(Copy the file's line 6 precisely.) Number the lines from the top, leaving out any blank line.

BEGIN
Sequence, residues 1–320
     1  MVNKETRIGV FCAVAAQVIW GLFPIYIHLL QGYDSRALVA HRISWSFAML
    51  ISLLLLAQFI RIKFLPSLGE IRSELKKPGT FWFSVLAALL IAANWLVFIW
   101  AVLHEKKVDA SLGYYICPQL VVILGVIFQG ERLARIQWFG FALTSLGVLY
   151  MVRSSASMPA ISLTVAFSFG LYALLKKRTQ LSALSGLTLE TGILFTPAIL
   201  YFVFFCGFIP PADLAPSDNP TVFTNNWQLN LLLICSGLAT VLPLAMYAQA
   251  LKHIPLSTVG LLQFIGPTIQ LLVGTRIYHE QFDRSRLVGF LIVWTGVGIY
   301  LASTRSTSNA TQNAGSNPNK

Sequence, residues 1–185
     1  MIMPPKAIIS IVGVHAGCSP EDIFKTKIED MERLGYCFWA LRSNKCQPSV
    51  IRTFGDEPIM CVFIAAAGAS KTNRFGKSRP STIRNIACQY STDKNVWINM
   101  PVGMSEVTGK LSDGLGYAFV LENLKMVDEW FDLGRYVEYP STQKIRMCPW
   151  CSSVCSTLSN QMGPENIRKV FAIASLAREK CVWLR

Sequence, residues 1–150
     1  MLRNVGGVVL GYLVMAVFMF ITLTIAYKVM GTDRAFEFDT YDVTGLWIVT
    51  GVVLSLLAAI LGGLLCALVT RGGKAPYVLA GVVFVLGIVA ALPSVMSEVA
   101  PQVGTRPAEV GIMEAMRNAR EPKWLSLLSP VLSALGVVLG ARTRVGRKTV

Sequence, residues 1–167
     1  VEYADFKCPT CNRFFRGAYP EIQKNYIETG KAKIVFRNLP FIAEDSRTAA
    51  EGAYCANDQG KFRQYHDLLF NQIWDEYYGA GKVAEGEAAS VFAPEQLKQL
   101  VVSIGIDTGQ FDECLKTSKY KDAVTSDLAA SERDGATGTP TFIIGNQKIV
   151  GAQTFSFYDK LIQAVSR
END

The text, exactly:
   201  YFVFFCGFIP PADLAPSDNP TVFTNNWQLN LLLICSGLAT VLPLAMYAQA